Author: Luanne Rice
Publisher: Thomas & Mercer
Publish Date: February 1, 2020
Years ago, Beth Lathrop and her sister Kate suffered what they thought would be the worst tragedy of their lives the night both the famous painting Moonlight and their mother were taken. The detective assigned to the case, Conor Reid, swore to protect the sisters from then on.
Beth moved on, throwing herself fully into the art world, running the family gallery, and raising a beautiful daughter with her husband Pete. Kate, instead, retreated into herself and took to the skies as a pilot, always on the run. When Beth is found strangled in her home, and Moonlight goes missing again, Detective Reid can’t help but feel a sense of déjà vu.
Who else would have wanted Beth dead? What’s the significance of Moonlight?
Twenty years ago, Reid vowed to protect Beth and Kate—and he’s failed. Now solving the case is turning into an obsession . . .
Is it possible to enjoy but also kind of dislike a book at the same time? This is how I felt when reading Last Day but Luanne Rice. Based on the description, it seemed to be right up my alley– family drama, secrets, an obsessed detective– these are all my go-to’s. Unfortunately, this was not that book. I still don’t know the significance of Moonlight. And Conor Reid was in maybe 30% of the book?
Despite all of those annoyances, I did like the story that was actually written, mainly for the setting. The bulk of the story takes place in Connecticut and as a current resident of that great state, it was fun to recognize the various places and descriptions throughout the book.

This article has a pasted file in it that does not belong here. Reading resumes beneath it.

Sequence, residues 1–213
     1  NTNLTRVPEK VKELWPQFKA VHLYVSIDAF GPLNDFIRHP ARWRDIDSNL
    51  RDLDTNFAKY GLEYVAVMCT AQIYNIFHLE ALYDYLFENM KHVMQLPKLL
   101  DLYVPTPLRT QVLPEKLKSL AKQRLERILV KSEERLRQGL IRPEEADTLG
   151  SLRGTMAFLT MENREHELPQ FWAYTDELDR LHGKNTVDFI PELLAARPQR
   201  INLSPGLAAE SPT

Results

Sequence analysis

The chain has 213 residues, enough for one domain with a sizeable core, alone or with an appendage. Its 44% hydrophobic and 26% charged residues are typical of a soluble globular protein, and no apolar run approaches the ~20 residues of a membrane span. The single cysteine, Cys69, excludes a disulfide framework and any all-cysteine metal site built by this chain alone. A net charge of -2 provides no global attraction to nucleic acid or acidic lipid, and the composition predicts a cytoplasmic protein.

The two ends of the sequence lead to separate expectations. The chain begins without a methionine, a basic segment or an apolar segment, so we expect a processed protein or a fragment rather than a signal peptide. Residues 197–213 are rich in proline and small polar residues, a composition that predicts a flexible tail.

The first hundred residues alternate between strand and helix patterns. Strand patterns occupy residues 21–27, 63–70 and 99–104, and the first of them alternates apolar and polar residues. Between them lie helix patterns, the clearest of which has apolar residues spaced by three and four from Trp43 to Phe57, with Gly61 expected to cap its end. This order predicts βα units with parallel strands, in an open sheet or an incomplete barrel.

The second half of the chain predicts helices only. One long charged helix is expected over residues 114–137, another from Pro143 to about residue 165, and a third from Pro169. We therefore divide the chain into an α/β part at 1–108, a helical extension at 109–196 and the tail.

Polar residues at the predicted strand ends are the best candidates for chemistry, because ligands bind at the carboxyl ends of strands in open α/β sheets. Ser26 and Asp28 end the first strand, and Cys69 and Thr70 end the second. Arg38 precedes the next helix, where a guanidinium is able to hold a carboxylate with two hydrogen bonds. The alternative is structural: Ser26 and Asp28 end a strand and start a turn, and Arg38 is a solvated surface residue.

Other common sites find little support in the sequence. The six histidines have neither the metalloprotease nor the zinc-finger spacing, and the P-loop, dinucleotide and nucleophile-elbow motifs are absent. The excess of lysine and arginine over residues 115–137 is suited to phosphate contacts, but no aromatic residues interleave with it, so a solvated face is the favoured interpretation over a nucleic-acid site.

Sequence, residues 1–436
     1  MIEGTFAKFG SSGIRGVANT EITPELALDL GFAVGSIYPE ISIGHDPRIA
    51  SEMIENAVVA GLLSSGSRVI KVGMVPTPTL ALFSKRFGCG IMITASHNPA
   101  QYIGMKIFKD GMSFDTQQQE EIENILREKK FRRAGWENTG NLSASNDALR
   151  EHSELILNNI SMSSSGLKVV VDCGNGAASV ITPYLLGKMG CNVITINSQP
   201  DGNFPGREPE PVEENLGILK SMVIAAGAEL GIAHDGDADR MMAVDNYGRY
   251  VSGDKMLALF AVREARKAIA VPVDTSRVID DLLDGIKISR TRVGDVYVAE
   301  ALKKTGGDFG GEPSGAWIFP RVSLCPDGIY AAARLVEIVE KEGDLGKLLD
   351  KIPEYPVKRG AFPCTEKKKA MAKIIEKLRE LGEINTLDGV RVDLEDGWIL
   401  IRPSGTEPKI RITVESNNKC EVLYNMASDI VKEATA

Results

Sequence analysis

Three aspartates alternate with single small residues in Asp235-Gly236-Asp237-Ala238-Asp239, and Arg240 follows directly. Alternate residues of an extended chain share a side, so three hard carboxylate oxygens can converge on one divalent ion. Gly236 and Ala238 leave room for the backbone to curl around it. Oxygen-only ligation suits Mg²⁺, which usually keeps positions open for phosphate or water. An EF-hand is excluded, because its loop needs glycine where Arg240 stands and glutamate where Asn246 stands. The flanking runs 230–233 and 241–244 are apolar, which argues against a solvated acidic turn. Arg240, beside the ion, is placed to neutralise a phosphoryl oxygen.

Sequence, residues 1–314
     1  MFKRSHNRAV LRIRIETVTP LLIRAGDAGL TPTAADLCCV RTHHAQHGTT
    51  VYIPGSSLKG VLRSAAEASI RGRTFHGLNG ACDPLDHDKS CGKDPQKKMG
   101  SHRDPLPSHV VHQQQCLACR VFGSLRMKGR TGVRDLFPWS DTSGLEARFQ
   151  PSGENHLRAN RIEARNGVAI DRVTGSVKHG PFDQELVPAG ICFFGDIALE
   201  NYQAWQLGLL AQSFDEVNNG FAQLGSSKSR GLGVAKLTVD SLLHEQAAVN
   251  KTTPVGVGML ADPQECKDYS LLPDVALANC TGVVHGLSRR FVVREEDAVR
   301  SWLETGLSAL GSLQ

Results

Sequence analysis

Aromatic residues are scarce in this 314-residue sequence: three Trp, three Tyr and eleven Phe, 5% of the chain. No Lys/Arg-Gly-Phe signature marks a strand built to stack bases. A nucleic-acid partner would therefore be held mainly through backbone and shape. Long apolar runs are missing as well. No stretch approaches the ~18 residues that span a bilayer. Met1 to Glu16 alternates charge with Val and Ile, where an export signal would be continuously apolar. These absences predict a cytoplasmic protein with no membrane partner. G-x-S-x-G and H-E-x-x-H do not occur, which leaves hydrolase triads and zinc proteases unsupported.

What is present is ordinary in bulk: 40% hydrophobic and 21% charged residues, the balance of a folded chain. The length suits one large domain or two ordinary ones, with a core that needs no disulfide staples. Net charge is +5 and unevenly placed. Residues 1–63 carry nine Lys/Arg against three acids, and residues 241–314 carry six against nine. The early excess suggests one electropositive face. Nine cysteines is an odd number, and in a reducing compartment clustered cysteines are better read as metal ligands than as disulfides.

But I also enjoyed the relationship between the two sisters, Beth and Kate. Told in pieces, through memories, we find out that they weren’t as close as Kate once thought they were, but these are my favorite types of mysteries. The ones where secrets come out and we the reader are left wondering who is telling the truth and who is guilty. In this case, it seemed pretty obvious where most of the secrets were heading, but I still had fun letting it all unfold. I didn’t even mind the little supernatural vibe at the end– in fact, I might have teared up reading Beth’s POV at the end.
Most of the loose ends were taken care of, which is a plus, however, I found most of the revelations to be anti-climatic. I love when the little details that are used as red herrings end up circling back with “OHHHH, that’s why that happened!”, but they were mostly explained with very little fanfare, which was disappointing.
Overall, this was a nice weekend read that didn’t quite match-up to the description but was fun nonetheless.
This book is perfect for those that like: unreliable narrators, family secrets, and Connecticut.
You might not like this book if you aren’t into: stories with infidelity, descriptions of violence, or plots that don’t match their descriptions.